Updated on June 4, 2021
While working at height always bears some risks, working at height in the rain increases these risks. Therefore, your workers should be very careful and mindful when going up and down the scaffold as well as executing their tasks. For example, they should always have three points of contact and move without any hurry.
However, there are more issues associated with using scaffolding in the rain. So, here, we provide tips that help you ensure the safety of your workers when it is raining.
Unless your scaffolds stay on concrete, asphalt, or the like, there is a risk the whole structure may sink into the wet and melted ground. In this case, it becomes highly unstable, and, thus, dangerous to use. This is true not only for the cases of using the scaffolding structures in the rain but after it as well.
That is why you always need to inspect your structures before using them under and after adverse weather conditions. For your peace of mind, you can always use our scaffold inspections service. We will check your scaffold stability and reliability so you can ensure your workers’ safety.
Rain can make the boards too wet and, thus, too slippery. It is hard to set how quickly it may happen. If it is just drizzling, the plank may hold sufficient grip for five or even six hours. However, a downpour can loosen its grip within two or three hours. So, if a scaffold board is too slippery, it is a good idea to turn it upside down. Typically, its downside ensures sufficient grip and, thus, is safe enough to work on.
Still, it is unlikely you can turn the plank twice while raining. So, if the other side also gets too slippery, you have to stop your works completely and wait till one of the sides dries out.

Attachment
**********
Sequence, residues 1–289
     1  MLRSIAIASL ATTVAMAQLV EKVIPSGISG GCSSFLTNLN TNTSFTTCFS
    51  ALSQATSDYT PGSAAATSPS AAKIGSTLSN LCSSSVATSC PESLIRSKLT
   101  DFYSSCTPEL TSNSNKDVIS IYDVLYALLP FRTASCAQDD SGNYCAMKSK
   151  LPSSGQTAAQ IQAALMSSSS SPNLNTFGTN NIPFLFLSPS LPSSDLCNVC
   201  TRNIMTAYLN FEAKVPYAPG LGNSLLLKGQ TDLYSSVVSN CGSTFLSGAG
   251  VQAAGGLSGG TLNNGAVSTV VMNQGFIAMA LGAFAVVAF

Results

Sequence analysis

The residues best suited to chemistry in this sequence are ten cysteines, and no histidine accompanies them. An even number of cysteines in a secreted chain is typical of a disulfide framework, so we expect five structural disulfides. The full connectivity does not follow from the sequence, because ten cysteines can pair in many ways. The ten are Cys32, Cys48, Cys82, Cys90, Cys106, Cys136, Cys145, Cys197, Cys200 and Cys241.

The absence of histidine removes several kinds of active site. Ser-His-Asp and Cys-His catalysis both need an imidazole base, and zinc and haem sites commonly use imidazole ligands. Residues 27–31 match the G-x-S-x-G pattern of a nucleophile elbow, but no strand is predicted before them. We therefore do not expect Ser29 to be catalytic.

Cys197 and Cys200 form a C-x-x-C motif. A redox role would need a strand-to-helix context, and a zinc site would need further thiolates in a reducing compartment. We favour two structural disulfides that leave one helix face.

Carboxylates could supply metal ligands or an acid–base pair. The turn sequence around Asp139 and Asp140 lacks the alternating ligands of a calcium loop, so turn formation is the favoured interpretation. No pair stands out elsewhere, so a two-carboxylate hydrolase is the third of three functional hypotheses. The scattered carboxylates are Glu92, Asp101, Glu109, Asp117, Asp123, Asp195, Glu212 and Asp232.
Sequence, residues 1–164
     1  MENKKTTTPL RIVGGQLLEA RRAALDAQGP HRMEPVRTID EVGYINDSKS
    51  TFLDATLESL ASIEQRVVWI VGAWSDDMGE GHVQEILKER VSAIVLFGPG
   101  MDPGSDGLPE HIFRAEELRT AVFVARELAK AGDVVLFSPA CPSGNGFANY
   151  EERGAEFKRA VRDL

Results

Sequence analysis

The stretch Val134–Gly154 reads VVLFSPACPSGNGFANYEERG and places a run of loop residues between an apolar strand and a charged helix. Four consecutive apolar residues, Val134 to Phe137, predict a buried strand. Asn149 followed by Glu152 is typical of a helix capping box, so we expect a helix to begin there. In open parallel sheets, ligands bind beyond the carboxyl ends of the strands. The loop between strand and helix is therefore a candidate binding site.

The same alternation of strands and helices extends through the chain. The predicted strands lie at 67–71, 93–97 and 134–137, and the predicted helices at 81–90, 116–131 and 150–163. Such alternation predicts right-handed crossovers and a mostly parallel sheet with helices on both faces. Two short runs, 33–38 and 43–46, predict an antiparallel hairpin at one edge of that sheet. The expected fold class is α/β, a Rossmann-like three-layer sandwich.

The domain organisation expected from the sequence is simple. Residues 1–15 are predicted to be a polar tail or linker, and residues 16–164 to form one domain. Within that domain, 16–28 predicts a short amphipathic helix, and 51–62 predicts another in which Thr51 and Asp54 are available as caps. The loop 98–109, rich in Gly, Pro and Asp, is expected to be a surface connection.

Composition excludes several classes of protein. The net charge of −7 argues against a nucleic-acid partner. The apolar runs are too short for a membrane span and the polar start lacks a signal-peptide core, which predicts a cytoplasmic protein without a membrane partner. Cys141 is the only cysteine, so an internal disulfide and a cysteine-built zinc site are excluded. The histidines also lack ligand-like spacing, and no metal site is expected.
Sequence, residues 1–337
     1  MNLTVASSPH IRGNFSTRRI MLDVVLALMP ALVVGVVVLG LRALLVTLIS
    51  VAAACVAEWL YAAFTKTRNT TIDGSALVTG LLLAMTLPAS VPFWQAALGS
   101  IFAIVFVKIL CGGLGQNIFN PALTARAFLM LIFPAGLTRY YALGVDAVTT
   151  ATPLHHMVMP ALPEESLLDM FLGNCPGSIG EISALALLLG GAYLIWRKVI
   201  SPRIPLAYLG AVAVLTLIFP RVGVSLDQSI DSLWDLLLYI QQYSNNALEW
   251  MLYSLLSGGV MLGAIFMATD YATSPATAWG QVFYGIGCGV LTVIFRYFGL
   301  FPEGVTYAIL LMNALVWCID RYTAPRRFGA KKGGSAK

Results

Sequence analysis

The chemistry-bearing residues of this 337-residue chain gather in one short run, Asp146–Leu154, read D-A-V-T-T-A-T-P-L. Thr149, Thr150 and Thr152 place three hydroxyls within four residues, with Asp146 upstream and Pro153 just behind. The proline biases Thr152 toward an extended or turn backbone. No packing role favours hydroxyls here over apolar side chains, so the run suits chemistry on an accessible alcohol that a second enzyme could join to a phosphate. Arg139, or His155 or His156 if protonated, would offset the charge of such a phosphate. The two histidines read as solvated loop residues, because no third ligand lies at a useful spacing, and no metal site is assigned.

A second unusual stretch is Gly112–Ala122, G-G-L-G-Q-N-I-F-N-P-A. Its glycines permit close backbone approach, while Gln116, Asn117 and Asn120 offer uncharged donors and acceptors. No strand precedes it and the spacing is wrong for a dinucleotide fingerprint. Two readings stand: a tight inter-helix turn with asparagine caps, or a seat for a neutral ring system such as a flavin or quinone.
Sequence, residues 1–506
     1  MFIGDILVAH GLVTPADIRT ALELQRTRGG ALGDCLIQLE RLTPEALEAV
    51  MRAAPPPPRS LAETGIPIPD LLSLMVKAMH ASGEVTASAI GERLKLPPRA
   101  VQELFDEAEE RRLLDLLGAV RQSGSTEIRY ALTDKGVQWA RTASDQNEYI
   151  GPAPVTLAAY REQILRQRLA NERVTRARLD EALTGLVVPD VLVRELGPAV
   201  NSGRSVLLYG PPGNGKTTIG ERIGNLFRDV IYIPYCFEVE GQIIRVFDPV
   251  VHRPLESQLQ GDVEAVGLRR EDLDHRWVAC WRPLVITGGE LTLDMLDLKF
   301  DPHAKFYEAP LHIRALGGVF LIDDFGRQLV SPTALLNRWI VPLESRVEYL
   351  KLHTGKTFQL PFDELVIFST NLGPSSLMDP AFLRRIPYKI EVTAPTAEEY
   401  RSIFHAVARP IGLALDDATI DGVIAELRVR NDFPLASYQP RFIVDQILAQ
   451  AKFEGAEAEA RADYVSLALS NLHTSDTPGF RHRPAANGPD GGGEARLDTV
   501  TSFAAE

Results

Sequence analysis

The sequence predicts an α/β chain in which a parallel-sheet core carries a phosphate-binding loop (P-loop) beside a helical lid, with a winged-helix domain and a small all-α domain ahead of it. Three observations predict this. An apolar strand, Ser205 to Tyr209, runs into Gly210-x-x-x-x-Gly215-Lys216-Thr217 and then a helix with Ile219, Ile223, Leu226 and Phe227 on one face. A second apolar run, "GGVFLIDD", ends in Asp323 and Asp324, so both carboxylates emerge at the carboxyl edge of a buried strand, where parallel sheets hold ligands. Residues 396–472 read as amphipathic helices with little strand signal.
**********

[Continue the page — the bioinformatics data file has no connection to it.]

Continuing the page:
Personal protective equipment is a must for all dangerous works. And, especially, for works at height. However, when there is a need to work in the rain, you should pay extra attention to how well your workers are equipped. For example, make sure the following PPE is on:
To clarify, wet surfaces pose an increased risk of slipping. Therefore, wearing non-skid boots helps your workers to eliminate this risk. Hard hats protect their heads from impacts in case they lose their balance or get some item fallen on their heads. Full-body harnesses protect them from falling down the scaffolds if slipping (the risk of which, as you know, increases in the rain). At last, waterproof jackets protect them from getting wet and sick. Of course, this has nothing to do with the risk of falling. But the overall health state of your workers should be your concern as well.
To conclude, it is a general rule to stop any works if the weather conditions become too extreme, or your workers are not sufficiently experienced to work in the rain. Thus, if possible, try to rearrange your pipeline and bring your workers down.
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